Charan doesn't own a car because he never learned how to drive, and besides, where would he keep it? A plane, perhaps? With a day rate that clients say can top $20,000, he could afford one. "If I was Ram, the one thing I'd have is one hell of a nice plane," says his friend Bill Conaty, senior VP for human resources at GE. But Charan is not Conaty. "I use the time sitting in the terminal," he says. "I have never missed an appointment in my life. I don't want to get lost in this private-plane business." (He does regret, however, not accepting an offer from American Airlines in the 1970s to buy a lifetime first-class upgrade for $100,000.)
He trundles through airports pulling a mismatched pair of black canvas rollers, one held together with maroon duct tape. His watch is a Timex. Given all the hours he spends in transit and his lifelong passion for the Indian vocalist Lata Mangeshkar, I suggested once that he might enjoy an iPod. The idea seemed to upset him: "No, I don't do that, I couldn't do it. Would just distract me. Music can make you very sentimental. Couldn't do it."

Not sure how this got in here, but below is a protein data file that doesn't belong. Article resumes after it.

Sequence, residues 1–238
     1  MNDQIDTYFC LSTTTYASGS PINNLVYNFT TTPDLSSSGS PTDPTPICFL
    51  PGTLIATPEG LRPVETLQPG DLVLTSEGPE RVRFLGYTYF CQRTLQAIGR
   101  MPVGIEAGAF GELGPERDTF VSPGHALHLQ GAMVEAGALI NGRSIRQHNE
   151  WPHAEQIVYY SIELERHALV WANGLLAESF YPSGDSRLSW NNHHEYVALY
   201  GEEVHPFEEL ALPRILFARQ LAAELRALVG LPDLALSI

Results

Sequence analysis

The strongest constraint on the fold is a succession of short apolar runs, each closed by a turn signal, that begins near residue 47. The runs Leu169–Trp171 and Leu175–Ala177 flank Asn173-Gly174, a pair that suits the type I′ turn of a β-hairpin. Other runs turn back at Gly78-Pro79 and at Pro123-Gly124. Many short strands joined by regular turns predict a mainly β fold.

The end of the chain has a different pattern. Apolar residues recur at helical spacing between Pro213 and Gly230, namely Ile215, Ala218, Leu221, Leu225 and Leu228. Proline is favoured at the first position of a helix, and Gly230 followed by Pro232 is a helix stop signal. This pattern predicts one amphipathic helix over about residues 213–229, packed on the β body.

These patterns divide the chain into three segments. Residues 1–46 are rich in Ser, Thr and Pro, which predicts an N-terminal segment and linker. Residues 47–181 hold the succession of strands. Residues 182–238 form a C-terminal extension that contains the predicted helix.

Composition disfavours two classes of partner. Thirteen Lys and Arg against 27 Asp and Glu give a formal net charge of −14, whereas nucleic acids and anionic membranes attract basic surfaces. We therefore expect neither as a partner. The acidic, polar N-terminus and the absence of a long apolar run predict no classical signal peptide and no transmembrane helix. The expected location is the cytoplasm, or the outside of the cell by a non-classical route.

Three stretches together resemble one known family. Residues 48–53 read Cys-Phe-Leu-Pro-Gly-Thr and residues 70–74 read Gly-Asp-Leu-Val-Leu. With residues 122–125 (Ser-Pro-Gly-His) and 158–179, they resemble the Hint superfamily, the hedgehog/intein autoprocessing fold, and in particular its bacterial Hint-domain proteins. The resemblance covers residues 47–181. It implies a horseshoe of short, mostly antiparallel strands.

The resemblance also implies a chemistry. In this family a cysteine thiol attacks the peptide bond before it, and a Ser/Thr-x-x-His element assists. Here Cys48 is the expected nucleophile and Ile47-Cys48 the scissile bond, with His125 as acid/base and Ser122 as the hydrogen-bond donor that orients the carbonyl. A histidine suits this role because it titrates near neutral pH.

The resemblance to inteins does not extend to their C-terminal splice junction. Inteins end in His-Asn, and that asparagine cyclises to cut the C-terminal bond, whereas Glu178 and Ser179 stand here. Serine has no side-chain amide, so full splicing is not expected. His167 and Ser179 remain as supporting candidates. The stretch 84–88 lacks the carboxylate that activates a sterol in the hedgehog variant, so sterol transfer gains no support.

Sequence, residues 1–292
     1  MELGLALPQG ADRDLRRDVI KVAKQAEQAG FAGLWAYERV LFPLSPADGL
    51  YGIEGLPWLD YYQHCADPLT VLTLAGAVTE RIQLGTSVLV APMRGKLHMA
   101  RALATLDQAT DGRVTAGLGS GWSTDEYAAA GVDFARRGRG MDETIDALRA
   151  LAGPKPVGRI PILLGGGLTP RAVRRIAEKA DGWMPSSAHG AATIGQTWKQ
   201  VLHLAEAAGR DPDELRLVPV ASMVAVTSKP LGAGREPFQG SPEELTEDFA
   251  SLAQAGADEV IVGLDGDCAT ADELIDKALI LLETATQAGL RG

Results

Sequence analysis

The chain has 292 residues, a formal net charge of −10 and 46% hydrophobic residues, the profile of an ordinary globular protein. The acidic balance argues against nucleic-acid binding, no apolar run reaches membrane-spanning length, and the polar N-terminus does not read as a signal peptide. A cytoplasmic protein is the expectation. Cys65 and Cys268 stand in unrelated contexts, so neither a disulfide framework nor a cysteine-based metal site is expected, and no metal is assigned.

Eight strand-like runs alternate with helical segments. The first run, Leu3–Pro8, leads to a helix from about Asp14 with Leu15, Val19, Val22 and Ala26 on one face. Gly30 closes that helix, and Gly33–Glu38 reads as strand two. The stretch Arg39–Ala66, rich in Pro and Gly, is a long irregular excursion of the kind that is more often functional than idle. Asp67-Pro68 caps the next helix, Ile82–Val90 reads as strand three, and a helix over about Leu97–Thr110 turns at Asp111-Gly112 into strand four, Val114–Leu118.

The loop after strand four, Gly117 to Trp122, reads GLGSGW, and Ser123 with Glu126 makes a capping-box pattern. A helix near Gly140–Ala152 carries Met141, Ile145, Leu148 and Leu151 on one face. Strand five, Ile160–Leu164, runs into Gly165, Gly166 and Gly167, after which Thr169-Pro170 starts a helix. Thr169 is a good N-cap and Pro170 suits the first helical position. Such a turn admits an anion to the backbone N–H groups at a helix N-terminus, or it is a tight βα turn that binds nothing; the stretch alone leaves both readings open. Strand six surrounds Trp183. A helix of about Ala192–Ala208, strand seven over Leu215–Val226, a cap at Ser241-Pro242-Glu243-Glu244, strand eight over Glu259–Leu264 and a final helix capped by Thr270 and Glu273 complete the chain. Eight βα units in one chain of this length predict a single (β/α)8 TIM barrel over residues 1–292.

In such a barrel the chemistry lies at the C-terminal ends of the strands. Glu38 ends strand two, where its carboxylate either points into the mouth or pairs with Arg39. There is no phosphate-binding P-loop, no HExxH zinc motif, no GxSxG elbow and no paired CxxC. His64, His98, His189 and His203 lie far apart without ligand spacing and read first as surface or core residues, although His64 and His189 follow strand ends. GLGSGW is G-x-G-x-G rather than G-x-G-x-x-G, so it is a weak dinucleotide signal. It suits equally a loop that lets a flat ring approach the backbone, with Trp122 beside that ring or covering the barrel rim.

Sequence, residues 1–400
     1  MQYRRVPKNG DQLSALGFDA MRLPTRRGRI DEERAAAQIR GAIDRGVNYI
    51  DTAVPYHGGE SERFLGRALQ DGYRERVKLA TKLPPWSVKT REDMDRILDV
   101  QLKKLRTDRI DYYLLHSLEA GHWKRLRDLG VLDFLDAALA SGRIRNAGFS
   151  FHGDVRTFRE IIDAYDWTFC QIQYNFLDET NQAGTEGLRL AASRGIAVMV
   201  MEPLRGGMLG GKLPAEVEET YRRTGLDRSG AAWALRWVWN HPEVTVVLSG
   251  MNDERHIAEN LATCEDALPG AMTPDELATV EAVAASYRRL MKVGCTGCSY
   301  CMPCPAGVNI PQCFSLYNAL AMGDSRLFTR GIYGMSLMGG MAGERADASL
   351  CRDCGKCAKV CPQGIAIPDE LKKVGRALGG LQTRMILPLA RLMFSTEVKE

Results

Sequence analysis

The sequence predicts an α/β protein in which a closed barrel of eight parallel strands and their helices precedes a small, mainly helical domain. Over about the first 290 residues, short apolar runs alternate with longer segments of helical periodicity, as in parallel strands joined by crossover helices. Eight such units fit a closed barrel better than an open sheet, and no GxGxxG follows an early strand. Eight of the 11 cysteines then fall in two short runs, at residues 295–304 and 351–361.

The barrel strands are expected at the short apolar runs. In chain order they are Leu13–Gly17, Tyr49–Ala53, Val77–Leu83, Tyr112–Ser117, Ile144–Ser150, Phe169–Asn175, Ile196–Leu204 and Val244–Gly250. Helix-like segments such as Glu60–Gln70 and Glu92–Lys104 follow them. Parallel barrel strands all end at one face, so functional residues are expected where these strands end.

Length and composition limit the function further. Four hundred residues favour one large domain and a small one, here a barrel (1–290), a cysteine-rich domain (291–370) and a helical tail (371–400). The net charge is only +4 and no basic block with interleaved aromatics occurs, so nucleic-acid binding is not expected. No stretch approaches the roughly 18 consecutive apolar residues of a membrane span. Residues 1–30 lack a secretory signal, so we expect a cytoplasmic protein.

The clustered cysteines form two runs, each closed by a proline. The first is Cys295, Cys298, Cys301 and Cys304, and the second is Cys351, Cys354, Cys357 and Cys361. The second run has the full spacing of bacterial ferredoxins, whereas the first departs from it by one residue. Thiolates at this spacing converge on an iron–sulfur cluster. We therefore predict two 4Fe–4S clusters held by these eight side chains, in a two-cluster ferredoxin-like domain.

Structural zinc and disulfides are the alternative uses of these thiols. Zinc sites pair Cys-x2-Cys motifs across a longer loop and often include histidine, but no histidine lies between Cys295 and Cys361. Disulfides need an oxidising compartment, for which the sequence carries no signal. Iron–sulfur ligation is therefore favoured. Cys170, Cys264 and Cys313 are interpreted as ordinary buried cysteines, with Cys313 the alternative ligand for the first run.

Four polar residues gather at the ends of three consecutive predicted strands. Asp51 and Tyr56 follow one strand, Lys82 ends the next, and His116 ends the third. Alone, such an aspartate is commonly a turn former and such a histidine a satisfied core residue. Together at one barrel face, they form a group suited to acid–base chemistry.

Have I mentioned that Charan has never married? That he has no children? And still I haven't come to possibly the most peculiar aspect of his personality. I mean that which sets him apart from virtually every person he comes in contact with, none more so than his overachieving CEO clients: Charan has no goals. He never set out to become a globetrotting consultant, any more than he dreamed of attending Harvard Business School, or becoming a professor, or even so much as one day earning a living beyond the small city in India where he was born.